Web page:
Printable Version
Pronunciation: zai-dê-ko Hear it!

Part of Speech: Noun, mass (no plural)

Meaning: A popular music style in southern Louisiana that mixes blues music with French and Caribbean tunes, usually played by small groups built around a guitar, accordion, and washboard.

Notes: In the past, this word was spelled and pronounced variously, as zodico and zologo. Because of its oddness and youth (first published in the 1940s), it has no lexical family.

In Play: Today's Good Word is tightly associated with a type of music and a specific place: "As Hazel Nutt walked down the streets of her hometown in Louisiana, the sounds of zydeco wafting from the windows created an appetite for crawfish boil and rosemint tea." However, the word is quite popular down South: "Clifton never succeeded in the Louisiana music world until he adopted the zydeco style."

Word History: Clifton Chenier in his recording "Zydeco Sont Pas Salés" was the first to use the word as it's spelled today. Zydeco apparently came from the Louisiana French Creole zarico "beans", the Creole (mis)pronunciation of French les haricots "the string beans". The connection to music comes from the phrase 'Les haricots (sont pas salés)' "the string beans (aren't salty)", pronounced [le zahriko]. This is a common phrase in Creole song lyrics, suggesting hard times in which people cannot afford salt pork to cook with their beans. Haricot originally meant "stew", which probably comes from Old French harigoter "to shred, cut to pieces". This word was borrowed from Frankish harjon, passed down from Proto-Germanic harjona "to overrun, ravage, devastate". Harjona descended from PIE koro "war, army, horde", source also of English harbor. Harbor came from Old English herebeorg "army barracks", composed of here "army" + beorg "lodging". The meaning easily coasted from there to "lodging for warships and boats". To harry is another descendant of OE here "war, army". (Today's Good if unlikely Word resulted from the suggestion of E. Douglas Pratt, a newcomer to the growing list of contributors.)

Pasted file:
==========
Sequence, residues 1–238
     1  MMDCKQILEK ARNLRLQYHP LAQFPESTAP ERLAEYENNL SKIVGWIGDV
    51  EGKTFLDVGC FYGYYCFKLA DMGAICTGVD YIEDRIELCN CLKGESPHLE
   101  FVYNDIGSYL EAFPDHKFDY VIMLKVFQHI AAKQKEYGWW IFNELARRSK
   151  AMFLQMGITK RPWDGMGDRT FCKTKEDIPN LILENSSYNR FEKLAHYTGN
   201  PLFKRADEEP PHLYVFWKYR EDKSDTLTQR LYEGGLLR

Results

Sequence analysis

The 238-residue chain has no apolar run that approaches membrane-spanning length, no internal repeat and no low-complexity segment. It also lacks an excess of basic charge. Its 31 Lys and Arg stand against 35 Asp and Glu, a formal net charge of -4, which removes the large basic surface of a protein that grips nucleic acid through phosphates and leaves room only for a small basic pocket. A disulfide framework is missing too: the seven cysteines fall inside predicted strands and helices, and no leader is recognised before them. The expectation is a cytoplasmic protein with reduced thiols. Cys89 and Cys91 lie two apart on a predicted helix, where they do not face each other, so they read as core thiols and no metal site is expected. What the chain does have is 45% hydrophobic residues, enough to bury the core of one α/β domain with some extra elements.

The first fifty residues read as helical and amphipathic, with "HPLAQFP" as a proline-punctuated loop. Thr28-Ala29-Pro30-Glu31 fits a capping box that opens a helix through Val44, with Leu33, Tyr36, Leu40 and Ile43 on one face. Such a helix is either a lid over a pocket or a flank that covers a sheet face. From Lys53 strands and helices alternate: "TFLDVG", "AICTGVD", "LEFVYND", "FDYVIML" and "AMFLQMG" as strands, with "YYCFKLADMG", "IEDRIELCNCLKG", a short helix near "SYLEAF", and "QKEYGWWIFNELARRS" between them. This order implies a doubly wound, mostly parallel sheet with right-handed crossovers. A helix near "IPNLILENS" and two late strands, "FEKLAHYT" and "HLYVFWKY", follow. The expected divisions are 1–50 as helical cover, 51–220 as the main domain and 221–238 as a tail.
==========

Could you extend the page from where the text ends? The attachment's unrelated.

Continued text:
Dr. Goodword,

P.S. - Register for the Daily Good Word E-Mail! - You can get our daily Good Word sent directly to you via e-mail in either HTML or Text format. Go to our Registration Page to sign up today!